The Road Trilogy
Rüdiger Vogler, Yella Rottländer
Rüdiger Vogler, Hanna Schygulla, Hans Christian Blech, Peter Kern, Nastassja Kinski
Kings of the Road
Rüdiger Vogler, Hanns Zischler
US theatrical: 31 May 2016
The road movie as a genre typically involves the protagonists leaving their quotidian lives to journey elsewhere. Often these protagonists come to some kind of realization about themselves; they are in some way transformed. The model for this plot paradigm, it seems to me, is Homer’s Odyssey. The adventures experienced by Odysseus are in themselves entertaining, of course, but they serve ultimately to test Odysseus (testing being a major theme of the Odyssey), to force him to contemplate who he is, and moreover to realize a personal and renewed vision of the self.
Identity is a chief concern of the Odyssey. Over and again, Odysseus is asked to reveal his identity and to prove it. At one point, Odysseus tells the Cyclops that he is “Nobody”. This is ostensibly a trick so that when the Cyclops is asked who blinded him, he tells his comrades “Nobody”, allowing Odysseus to escape harm. In another sense we can see this self-naming as an act of emptying the self—to become Odysseus again requires that he first be nobody. Of course, Odysseus immediately countermands this anonymity when, safe from the giant’s grasp, he reveals his actual name—an act of hubris that leads to ever greater difficulty for the hero in his journey home. When he finally arrives, he must again prove that he is who he says he is.
The point here is that while he is Odysseus and the rightful ruler of Ithaca, he is no longer the Odysseus he was when he left for the Trojan War. His journey has transformed him; in a sense, it has made him more himself than he was before. The road movie follows this logic of the transformative journey. To discover what we are, we must transgress the boundaries of our mundane lives, our quotidian habits. To find our place, we must be displaced.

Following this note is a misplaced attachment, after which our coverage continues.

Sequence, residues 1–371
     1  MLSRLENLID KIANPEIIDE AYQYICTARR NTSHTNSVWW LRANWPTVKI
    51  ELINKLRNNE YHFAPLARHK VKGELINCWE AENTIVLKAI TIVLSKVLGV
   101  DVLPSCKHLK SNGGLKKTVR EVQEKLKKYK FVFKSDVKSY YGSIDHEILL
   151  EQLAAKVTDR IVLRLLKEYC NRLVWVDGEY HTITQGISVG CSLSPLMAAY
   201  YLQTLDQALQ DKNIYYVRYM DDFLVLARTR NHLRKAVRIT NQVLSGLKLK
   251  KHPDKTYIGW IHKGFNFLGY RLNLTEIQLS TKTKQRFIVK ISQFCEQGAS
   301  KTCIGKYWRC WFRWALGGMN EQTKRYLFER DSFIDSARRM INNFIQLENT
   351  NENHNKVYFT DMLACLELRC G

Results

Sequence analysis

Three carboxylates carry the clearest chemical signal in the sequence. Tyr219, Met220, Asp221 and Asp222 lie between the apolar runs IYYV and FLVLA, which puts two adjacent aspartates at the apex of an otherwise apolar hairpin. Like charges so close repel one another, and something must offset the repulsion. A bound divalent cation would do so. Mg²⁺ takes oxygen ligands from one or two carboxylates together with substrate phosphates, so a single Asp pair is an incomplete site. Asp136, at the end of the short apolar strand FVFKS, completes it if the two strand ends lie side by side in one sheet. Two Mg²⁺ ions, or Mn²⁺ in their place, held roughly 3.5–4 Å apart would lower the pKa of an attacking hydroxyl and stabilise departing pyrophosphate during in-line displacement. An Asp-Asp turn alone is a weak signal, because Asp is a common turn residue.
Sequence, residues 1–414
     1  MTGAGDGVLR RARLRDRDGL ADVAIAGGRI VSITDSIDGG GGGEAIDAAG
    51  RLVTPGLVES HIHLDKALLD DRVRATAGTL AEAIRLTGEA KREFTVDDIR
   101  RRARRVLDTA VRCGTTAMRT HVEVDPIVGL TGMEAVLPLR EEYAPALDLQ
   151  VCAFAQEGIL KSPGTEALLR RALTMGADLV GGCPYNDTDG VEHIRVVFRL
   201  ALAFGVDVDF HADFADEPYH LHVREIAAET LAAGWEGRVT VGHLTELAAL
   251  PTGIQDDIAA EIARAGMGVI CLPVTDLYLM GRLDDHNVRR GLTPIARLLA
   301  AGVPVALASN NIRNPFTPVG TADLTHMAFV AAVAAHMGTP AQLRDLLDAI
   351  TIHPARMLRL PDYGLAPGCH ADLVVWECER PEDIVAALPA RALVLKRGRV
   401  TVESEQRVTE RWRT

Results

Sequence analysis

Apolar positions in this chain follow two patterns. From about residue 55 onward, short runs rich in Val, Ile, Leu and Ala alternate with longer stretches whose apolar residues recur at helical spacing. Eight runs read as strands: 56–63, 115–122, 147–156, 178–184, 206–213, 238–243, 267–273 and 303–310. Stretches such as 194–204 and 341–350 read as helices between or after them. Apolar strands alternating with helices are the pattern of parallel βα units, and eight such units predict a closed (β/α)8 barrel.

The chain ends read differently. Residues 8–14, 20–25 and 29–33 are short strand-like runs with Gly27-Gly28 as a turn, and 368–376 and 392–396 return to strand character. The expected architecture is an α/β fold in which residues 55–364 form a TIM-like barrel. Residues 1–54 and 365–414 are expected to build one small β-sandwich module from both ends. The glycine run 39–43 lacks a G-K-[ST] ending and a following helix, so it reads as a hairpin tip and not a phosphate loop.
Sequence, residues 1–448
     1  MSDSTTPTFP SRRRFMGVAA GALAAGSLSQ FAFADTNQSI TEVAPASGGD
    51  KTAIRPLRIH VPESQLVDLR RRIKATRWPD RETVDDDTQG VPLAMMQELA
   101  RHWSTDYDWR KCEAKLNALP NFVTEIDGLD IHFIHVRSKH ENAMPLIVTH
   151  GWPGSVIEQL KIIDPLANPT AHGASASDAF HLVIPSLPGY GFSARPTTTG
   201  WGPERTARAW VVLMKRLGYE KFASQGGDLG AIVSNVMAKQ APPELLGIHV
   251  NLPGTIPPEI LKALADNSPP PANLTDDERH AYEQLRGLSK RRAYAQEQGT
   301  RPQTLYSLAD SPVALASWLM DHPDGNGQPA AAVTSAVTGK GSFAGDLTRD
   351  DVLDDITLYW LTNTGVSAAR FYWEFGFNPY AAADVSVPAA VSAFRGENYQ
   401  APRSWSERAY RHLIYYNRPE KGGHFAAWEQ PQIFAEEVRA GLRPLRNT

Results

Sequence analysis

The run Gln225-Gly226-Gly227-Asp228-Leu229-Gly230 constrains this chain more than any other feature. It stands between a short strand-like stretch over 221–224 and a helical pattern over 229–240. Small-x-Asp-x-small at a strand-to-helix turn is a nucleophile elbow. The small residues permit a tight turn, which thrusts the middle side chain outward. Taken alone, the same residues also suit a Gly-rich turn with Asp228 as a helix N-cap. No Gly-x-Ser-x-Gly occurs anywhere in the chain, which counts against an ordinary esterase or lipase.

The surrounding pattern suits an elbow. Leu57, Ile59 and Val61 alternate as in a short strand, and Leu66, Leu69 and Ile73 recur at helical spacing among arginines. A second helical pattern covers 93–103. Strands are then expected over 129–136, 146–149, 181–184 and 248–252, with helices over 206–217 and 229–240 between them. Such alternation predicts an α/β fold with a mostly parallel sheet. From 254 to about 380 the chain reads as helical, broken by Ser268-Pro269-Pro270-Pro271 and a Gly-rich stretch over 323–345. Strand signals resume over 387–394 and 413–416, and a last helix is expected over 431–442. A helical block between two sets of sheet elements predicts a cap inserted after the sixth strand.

Wim Wenders released three films that were later dubbed “The Road Trilogy” by critic Richard Roud. This informal trilogy comprises Alice in the Cities (1974), Wrong Move (1975), and Kings of the Road (1976). All three films involve journeys through a post-war, post-Nazi, Cold War West Germany. The protagonists are themselves West Germans and in this sense the journey is not “elsewhere” but through other parts of their home.
And yet we are continually reminded that these characters are alienated from their homes. Indeed, Wenders postulates that the post-war West German lives under the condition of a seemingly permanent alienation. Their experience of belonging to their home is suffused with a strangely affectionate disaffection, which leads inexorably to a kind of uncanny existence. “Uncanny” in German is unheimlich, which literally means “unhomely” or better, “unhoused”. The familiar is itself estranged, the recognized becomes a foreign intrusion.
If these films are about self-discovery, then it’s an occluded, partial, fugitive sort of discovery. These characters are not displaced in order to find their place; they come to see that displacement has been their lot all along. Their journeys lead not to enlightenment in the positive, transformative sense, but rather to a sort of acquiescence, a capitulation to the world’s disenchantment and their place within it—but an acquiescence that in spite of all logic seems to hold out some kind of hope for something better, something redemptive.
Alice in the Cities
In Alice in the Cities German journalist Philip Winter (Rüdiger Vogler) tries to return home from a trip to the United States only to find that a worker’s strike prevents him from flying there directly. He is forced to take a detour to Amsterdam. He soon finds himself in the company of another German and her daughter, the eponymous Alice (Yella Rottländer). The woman temporarily abandons Alice to the stranger’s care, assuring him that she will meet them in Amsterdam. When the mother fails to appear the following day, the pair set off on a sojourn through the Ruhr region of Germany in search of the child’s grandmother despite the fact that the girl has only a vague and muddled notion of where the grandmother lives and cannot even recall her name.